And last night I kind of hit the wall with fighting through endless mobs just to get to or from a quest location. At one point, the mobs I was just trying to get past respawned almost simultaneously with me killing them. It was beyond frustrating. And I still want to know when Blizz changed their policy from roads being a safe place to roads being a terrific way to force feed everyone into more and more mobs….

This frustration is compounded by the fact that it probably will never get much better. We will never be able to fly on Argus, and the damn whistle equivalent Blizz has dangled in front of us depends on grinding for months to get the appropriate rep.

The movement frustration alone makes me want to spend as little time as possible on Argus.

Mac’Aree. Having unlocked this zone yesterday, I was pleased to see it was not another hellfire and brimstone kind of place. I haven’t done a lot of exploration there yet, but it struck me as very similar to Suramar. In spite of the yellow and orange grass and trees, it seems much more welcoming than the other two zones. I hope Blizz does not decide to make it scorched-earth ugly like they did for the Vale in Mists…

Still, the place has a closed-in feel to it, unlike the spaces in Azeroth, where you know you can keep going and eventually get to an ocean or another zone or some place of interest. You cannot do that on Argus — every zone is a small self-contained scenario-like composition. It just makes the game feel smaller to me.

Argus Invasions. I unlocked these yesterday and did one small one and one large one. It’s a little early to tell, but the small ones seem kind of like the invasions Blizz gave us at the end of WoD. That is, you go to the area and probably there will be other players already involved in them. I did not notice much of a progression to them, however, certainly not the structure we had in WoD. Also, the loot pretty much stinks.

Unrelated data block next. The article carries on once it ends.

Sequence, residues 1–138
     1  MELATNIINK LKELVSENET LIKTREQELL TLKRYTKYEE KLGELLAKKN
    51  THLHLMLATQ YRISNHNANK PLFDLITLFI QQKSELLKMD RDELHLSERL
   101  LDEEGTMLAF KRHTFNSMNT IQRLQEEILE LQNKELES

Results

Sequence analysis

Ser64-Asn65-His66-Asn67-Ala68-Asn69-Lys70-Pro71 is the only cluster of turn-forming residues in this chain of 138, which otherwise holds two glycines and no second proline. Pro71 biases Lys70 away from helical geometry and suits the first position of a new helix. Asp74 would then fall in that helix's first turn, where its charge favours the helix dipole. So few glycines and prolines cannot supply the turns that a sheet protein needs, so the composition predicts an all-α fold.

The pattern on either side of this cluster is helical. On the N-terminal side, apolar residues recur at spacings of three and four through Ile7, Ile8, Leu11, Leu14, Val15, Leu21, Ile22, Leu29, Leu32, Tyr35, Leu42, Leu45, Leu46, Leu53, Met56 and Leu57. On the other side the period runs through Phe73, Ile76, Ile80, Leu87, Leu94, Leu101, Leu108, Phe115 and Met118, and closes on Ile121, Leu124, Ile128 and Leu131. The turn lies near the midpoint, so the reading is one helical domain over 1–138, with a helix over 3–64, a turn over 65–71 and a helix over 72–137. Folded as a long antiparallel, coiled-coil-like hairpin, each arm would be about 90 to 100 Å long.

I also did one “large” invasion. These are actual portals/scenarios you enter, and they do have more structure. You cannot really just wander into them on your own unless you want to die quickly, or unless you hope someone will see you and invite you to their group. I was in a group of 5, including a tank and a healer, and once we got to the final boss, it took us maybe 10 minutes to kill it. Not really sophisticated mechanics, mostly just pretty boring steady pew-pewing along with dodging one boss mechanic. I was unimpressed with the loot, not really sure why you would go out of your way to do one every week.

And not for nothin’, but it was again a pain in the ass to get to the portal location, you had to fight your way through mobs — of course — to get there.

Week 2 quest lines. I found these mildly interesting. They were not especially challenging, but then I don’t think they are meant to be. I was a little impatient with them, but that was because I was trying to do them all before raid time. I missed one chain initially because I did not see the starter quest in the middle of a field in Krokuun, but once I got it, I thought it was the most fun one. I will not spoil it if you have not done it, but suffice it to say that the place they take you for the final part is pretty cool.